How likely is it, then, that we will detect a match? The probability of a match depends on the Jaccard similarity of a pair of documents. The more similar two documents are, the more likely they are to be considered candidates, which is what we want. The probability of a match is an S-curve (see Leskovec, Rajaraman, and Ullman), so there is a threshold Jaccard similarity above which documents are likely to be a match. We can calculate the likely threshold based on the number of minhashes and bands that we are using.

lsh_threshold(h = 200, b = 50) lsh_threshold(h = 240, b = 80)

Using 240 minhashes and 80 bands, we will likely detect documents with an actual Jaccard similarity of above 0.232. We can also estimate the probability that a pair of documents with a Jaccard similarity `s`

will be marked as potential matches.

lsh_probability(h = 240, b = 80, s = 0.25) lsh_probability(h = 240, b = 80, s = 0.75)

These numbers seem reasonable for our purposes, so we will set the number of minhashes at 240 and the number of bands at 80.

Now we can use the `lsh()`

function to calculate the locality-sensitive hashes for our documents.

buckets <- lsh(corpus, bands = 80, progress = FALSE) buckets

Note that using the LSH method only requires us to calculate the signatures (or buckets) for each document one time. This implies that we can take several data frames of LSH signatures and bind their rows together (e.g., with `dplyr::bind_rows()`

). This permits us to compute the signatures for only part of a corpus at a time, or to continue to add to the corpus. Note, however, that you **must** use the same minhash function, generating the same number of minhashes and using the same seed and you **must** use the same number of bands in order to get valid results.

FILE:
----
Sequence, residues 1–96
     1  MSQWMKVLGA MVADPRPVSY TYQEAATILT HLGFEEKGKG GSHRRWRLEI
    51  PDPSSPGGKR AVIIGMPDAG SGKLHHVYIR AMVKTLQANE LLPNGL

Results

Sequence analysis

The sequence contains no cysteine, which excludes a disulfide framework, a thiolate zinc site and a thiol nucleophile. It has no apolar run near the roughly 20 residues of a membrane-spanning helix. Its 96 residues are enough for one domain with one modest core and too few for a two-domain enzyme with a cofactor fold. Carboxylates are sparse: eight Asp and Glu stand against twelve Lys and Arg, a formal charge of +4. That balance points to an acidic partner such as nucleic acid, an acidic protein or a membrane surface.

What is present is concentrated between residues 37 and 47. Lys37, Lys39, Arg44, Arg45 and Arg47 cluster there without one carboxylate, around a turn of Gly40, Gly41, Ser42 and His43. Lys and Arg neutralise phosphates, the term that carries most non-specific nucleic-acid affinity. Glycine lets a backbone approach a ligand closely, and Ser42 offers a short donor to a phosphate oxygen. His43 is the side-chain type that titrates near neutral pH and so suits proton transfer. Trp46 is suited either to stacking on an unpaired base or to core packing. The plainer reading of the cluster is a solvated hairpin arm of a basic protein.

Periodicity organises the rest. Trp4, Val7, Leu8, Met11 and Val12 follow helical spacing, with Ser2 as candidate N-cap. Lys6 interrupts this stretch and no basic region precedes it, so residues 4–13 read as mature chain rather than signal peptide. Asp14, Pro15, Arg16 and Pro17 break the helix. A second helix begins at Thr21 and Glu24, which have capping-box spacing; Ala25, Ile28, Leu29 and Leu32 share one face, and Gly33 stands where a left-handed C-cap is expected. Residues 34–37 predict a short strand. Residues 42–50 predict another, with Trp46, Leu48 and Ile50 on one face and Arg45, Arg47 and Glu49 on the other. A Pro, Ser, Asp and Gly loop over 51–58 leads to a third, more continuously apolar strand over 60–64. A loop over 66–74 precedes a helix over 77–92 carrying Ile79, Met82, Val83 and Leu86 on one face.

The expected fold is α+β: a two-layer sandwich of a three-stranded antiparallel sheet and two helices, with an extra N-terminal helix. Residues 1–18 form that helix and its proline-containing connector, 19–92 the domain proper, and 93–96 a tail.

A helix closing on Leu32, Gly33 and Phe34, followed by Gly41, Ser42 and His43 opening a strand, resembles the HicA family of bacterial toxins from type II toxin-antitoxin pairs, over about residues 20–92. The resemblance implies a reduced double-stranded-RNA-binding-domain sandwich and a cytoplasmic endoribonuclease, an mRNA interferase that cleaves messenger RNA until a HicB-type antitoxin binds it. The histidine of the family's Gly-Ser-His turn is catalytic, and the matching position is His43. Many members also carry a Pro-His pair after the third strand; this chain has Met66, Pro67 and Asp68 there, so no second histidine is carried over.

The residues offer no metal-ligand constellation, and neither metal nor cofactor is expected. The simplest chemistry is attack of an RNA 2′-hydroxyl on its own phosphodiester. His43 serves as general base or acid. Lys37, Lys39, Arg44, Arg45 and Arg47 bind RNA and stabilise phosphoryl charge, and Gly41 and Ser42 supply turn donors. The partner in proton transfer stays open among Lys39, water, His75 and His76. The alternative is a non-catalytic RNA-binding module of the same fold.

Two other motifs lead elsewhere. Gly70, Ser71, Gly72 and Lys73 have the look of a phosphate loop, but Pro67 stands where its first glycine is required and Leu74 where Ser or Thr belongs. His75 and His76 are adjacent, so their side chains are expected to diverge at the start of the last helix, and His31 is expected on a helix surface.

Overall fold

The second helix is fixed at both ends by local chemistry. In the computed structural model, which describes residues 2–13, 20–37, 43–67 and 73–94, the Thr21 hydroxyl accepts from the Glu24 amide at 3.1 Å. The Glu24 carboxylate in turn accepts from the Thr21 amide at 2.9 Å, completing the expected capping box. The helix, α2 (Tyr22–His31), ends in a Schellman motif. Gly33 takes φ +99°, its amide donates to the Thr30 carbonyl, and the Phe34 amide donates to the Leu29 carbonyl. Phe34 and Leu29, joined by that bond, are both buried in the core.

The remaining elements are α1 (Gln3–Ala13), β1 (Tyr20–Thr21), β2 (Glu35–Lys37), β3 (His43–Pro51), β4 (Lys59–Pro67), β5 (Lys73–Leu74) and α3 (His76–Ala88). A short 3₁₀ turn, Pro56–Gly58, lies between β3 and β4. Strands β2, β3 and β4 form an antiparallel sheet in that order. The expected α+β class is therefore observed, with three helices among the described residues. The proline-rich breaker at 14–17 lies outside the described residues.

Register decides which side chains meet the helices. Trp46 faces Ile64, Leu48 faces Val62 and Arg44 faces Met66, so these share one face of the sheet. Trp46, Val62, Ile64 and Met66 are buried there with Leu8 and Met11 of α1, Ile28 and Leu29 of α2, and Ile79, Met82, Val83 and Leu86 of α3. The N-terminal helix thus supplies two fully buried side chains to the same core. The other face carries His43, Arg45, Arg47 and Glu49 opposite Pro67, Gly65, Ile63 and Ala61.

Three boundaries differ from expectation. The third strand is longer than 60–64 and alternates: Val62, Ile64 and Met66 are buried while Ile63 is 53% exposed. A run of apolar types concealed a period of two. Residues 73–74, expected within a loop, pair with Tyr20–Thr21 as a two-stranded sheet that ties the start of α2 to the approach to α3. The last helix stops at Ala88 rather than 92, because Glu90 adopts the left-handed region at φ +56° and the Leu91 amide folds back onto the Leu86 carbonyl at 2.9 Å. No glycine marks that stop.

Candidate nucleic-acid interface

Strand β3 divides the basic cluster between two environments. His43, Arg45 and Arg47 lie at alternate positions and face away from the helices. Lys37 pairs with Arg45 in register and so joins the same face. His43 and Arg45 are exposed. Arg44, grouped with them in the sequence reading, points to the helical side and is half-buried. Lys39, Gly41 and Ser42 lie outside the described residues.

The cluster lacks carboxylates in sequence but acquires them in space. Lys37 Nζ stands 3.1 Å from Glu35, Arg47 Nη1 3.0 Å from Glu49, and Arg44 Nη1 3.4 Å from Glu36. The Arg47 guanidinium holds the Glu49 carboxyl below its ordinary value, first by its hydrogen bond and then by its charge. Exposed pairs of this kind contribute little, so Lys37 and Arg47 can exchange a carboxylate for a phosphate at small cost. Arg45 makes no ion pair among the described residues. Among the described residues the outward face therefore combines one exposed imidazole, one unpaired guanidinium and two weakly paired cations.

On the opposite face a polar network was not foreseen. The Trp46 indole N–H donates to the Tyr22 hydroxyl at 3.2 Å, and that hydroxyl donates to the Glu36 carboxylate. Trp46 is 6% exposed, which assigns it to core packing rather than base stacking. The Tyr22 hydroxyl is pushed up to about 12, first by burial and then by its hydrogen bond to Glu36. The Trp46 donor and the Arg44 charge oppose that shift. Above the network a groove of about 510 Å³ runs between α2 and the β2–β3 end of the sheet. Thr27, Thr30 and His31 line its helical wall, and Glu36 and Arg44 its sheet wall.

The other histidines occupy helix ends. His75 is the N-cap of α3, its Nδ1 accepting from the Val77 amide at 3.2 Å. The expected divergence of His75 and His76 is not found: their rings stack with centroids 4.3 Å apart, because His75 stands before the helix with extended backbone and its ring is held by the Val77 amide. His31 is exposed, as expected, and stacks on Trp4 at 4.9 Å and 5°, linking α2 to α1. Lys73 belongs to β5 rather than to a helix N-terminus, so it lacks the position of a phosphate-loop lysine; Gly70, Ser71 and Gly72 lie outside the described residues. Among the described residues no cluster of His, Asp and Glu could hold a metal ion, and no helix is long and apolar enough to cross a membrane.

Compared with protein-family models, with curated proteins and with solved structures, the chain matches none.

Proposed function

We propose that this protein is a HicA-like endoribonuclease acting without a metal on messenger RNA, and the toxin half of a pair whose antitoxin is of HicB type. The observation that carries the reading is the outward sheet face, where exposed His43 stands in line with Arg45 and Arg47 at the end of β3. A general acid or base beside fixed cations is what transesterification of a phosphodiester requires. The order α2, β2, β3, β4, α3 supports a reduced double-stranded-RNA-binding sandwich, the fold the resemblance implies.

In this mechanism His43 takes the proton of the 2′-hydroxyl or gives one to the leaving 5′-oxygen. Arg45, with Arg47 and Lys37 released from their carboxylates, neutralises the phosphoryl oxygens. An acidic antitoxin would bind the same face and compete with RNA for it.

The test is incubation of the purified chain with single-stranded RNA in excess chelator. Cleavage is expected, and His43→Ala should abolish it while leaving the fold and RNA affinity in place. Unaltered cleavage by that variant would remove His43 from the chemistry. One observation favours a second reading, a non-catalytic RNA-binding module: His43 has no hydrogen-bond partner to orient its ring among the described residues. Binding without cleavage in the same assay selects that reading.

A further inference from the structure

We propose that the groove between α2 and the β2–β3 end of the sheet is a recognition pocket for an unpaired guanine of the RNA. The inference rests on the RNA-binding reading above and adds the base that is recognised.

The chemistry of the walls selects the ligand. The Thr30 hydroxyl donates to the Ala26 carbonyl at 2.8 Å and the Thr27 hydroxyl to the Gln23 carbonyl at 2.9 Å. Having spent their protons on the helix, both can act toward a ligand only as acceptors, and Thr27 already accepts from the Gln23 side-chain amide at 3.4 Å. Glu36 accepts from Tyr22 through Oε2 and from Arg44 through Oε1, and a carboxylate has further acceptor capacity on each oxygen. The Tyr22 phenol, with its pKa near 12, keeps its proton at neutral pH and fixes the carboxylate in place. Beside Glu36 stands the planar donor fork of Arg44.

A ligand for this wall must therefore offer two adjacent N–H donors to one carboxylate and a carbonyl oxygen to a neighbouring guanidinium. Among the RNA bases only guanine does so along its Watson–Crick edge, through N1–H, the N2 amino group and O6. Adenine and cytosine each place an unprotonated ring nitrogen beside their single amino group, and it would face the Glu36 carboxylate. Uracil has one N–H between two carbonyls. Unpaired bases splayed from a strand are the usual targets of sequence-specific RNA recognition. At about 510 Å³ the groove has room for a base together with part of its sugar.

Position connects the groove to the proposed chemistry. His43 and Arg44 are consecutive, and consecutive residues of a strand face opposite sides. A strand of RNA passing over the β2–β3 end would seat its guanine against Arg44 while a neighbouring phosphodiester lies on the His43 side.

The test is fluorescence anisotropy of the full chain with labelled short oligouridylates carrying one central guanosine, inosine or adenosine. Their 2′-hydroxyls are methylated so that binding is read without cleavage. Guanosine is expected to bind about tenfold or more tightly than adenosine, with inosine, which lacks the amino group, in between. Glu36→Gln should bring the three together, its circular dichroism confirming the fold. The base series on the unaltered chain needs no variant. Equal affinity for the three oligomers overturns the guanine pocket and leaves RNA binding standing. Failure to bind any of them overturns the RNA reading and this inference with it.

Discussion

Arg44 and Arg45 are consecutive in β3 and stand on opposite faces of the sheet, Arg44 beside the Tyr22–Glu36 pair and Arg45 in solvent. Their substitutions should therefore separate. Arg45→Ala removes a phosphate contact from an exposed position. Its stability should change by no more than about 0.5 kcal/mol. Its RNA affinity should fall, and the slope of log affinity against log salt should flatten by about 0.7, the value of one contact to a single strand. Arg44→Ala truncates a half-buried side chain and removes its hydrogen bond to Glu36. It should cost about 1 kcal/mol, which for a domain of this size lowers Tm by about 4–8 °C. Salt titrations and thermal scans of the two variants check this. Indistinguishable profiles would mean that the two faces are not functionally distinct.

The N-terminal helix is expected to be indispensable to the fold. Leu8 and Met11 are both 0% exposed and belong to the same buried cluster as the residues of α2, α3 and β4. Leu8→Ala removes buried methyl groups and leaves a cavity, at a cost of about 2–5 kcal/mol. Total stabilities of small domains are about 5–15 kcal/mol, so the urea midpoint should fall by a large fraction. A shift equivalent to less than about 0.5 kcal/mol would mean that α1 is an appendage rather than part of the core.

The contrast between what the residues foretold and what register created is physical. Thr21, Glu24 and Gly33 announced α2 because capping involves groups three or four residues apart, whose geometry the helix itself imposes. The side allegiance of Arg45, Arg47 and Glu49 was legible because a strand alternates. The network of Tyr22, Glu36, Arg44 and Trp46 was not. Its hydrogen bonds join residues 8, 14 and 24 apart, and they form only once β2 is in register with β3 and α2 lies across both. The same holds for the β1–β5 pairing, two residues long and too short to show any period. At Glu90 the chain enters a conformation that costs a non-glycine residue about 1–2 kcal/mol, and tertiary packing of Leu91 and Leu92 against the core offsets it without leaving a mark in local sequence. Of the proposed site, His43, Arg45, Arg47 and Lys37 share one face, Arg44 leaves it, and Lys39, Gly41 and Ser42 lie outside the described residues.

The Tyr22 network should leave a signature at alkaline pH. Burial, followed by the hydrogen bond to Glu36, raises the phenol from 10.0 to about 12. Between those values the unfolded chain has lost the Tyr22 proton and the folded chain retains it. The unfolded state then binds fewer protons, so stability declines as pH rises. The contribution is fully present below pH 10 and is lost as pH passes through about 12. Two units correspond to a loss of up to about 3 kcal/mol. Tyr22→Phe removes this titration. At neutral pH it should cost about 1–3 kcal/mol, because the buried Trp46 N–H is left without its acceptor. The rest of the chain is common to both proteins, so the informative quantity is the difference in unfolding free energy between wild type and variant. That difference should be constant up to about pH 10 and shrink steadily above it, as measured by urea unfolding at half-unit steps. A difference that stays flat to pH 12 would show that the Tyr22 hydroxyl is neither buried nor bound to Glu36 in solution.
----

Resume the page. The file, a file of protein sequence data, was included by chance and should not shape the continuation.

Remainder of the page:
We can extract the potential matches from the cache using `lsh_query()`

or `lsh_candidates()`

. The first function returns matches for only one document, specified by its ID; the second functions returns all potential pairs of matches.

baxter_matches <- lsh_query(buckets, "calltounconv00baxt") baxter_matches candidates <- lsh_candidates(buckets) candidates

Notice that LSH has identified the same three pairs of documents as potential matches that we found with pairwise comparisons, but did so much faster. But we do not have similarity scores; we only know that these documents are likely to have Jaccard similarity scores above the `r round(lsh_threshold(h = 240, b = 80), 3)`

threshold.

Now we can use `lsh_compare()`

to apply a similarity function to the candidate pairs of documents. Note that we only have to do 3 comparisons for all the candidates, instead of 28 pairs when comparing all 8 documents in the corpus pairwise.

lsh_compare(candidates, corpus, jaccard_similarity, progress = FALSE)

Note that these results are identical to what we calculated in the pairwise vignette, but required much less computation.